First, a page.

At this point, it has become cliche to say that 3-D printing is the fabrication technology du jour. But the innovations keep coming: molten glass as a medium, sky-high kicks, and sweet-sounding musical instruments, to name a few. One thing, however, has remained elusive: 3-D printing at an architectural scale.
The architectural mega-firm SOM and Department of Energy-managed Oak Ridge National Laboratory teamed up on AMIE, a high-tech building that’s as cutting edge with its construction techniques as it is with its energy systems.
The project was borne from an astute observation: Buildings, transportation, and manufacturing consume the most energy. Would it be possible to, in one fell swoop, rethink these systems so they become more efficient?
The first consideration revolved around the building’s bones. Aside from the steel used to reinforce weak points, the building’s frame consists entirely of a 3-D-printed panel system that integrates structure, insulation, and cladding, along with air and moisture barriers. Because every component can be produced to its exact specifications, It has the potential to eliminate construction waste—no need for trimming things like lumber down to size. Moreover, the technology allows complex shapes to be produced, which helps make the architecture more sturdy while using less material.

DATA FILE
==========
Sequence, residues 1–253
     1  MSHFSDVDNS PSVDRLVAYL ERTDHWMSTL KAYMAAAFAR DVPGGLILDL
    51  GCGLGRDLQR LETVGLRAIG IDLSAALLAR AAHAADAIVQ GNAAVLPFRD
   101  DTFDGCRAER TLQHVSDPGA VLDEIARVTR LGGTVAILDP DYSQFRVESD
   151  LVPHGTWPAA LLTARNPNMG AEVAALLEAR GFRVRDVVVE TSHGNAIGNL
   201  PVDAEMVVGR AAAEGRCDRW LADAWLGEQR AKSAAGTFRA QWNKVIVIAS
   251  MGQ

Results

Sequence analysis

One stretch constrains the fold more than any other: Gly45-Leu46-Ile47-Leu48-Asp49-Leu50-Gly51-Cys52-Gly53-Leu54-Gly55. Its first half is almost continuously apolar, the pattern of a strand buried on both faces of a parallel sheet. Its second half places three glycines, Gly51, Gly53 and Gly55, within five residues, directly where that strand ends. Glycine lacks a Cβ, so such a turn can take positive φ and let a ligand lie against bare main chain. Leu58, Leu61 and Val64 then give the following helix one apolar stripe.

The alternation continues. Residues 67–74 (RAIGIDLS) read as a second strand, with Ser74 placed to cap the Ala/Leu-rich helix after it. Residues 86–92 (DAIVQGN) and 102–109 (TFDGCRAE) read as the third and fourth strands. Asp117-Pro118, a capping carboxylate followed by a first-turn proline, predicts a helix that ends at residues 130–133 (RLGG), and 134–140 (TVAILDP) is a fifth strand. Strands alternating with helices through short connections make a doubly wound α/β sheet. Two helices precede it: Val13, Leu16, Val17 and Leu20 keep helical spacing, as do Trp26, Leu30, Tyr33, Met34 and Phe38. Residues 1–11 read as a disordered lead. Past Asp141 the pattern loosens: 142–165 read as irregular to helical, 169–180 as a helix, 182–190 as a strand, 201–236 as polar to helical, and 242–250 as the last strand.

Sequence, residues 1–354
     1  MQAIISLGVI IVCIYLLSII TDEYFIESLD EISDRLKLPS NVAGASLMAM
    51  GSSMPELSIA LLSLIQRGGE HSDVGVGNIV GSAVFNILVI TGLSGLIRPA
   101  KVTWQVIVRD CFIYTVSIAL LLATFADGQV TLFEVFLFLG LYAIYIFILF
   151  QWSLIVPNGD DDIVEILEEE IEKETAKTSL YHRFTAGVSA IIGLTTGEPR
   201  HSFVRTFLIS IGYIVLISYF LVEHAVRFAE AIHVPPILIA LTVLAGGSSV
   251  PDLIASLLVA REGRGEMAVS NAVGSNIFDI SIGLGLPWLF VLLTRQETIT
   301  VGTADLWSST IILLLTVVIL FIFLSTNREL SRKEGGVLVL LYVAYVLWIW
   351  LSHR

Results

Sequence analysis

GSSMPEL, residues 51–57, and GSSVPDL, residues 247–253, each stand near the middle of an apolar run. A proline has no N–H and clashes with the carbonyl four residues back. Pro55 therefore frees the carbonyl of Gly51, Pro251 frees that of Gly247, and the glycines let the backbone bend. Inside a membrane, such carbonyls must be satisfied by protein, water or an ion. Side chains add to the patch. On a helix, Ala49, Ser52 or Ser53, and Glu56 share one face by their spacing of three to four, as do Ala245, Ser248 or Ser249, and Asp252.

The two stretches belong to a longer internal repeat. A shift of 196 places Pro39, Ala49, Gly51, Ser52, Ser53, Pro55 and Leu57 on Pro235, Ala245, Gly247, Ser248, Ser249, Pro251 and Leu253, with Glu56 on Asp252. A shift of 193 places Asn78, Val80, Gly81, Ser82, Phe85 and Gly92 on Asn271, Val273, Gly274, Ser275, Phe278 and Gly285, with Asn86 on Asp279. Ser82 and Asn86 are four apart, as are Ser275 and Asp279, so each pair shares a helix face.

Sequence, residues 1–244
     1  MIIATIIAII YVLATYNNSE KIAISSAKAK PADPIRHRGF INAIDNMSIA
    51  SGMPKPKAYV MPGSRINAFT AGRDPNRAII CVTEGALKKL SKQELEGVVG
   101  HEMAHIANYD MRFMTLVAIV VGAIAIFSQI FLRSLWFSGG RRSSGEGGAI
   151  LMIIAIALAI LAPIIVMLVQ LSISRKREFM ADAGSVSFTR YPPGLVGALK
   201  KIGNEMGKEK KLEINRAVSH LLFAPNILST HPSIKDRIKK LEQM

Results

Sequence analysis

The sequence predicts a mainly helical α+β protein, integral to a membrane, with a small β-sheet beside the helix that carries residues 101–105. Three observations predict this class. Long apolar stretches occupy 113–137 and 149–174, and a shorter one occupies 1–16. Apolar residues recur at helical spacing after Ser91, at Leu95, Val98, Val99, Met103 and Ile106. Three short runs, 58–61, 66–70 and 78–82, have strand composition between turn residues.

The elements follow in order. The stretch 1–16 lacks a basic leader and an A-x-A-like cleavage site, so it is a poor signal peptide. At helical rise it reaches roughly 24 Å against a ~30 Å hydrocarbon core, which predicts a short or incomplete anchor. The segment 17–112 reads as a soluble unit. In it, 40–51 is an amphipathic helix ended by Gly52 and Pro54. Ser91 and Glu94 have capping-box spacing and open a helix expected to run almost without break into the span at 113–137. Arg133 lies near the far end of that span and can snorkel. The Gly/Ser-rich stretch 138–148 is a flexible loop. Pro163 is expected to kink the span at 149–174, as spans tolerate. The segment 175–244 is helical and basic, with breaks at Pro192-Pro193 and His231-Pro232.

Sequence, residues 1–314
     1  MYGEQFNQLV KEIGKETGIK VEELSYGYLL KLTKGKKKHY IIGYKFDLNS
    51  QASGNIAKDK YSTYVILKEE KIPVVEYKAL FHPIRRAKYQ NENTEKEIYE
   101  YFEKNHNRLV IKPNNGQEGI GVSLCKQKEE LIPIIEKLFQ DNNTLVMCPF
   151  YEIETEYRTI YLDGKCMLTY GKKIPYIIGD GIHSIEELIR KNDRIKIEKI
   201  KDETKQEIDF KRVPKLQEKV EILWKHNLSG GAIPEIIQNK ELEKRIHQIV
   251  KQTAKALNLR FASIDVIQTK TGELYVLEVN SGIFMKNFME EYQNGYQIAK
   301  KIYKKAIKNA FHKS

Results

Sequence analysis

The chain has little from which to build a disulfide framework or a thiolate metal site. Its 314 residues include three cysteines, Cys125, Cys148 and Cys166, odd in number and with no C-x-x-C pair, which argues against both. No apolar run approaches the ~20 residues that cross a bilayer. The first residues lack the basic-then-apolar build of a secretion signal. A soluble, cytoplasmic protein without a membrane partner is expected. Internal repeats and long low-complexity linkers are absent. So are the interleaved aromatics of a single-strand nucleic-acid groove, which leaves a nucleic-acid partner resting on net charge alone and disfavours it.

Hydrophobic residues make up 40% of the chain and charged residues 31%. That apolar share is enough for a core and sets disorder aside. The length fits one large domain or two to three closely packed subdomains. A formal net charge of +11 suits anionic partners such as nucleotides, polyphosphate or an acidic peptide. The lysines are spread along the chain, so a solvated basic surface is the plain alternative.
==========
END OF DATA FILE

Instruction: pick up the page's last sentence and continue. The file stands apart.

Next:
The engineers then thought about how the completed design could be more energy efficient. Using an 80-20 ratio of solid, opaque surfaces to glass minimized the solar gain and thermal bridging (read: lower costs to cool in summer and warm in winter since there’s less heat transfer). Solar panels, meanwhile, help curtail consumption by offering power to low-energy appliances, like an induction range.
Then came the car. It’s an electric vehicle that has a bidirectional charger, meaning that it can power the building and vice versa. If there’s an excess of electricity generated by the solar panels, then the car doesn’t need to use its generator fueled with natural gas. But if the building needs an extra boost, the car kicks in and powers the both of them.
Last week, the architects and engineers hooked everything up, and the car and completed building successfully engaged in a two-way exchange of energy.
This is no small feat. Sure, 3-D-printing a building has been attempted before, but the results haven’t been too great. The Chinese company WinSun Decoration Design Engineering Co. erected one in 24 hours, but the finished result looks like a banal Soviet-era apartment block made from concrete squeezed through a toothpaste tube. Other projects, like this Baroque-style 3-D-printed room, have the aesthetics on lock, but aren’t structurally sound. But I’d wager than none have so thoroughly considered engineering and energy use in a complete package like AMIE has.
SOM views this as AMIE 1.0. While the design is operational, the team wants to try it again with a 3-D printing material that’s more sustainable than the carbon fiber used this time.